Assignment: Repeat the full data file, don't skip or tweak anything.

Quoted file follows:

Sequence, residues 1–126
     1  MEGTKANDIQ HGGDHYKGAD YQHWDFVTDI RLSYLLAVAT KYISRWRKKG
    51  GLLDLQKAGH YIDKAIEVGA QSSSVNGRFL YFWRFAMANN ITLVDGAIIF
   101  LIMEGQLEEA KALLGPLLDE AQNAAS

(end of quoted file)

Sequence, residues 1–126
     1  MEGTKANDIQ HGGDHYKGAD YQHWDFVTDI RLSYLLAVAT KYISRWRKKG
    51  GLLDLQKAGH YIDKAIEVGA QSSSVNGRFL YFWRFAMANN ITLVDGAIIF
   101  LIMEGQLEEA KALLGPLLDE AQNAAS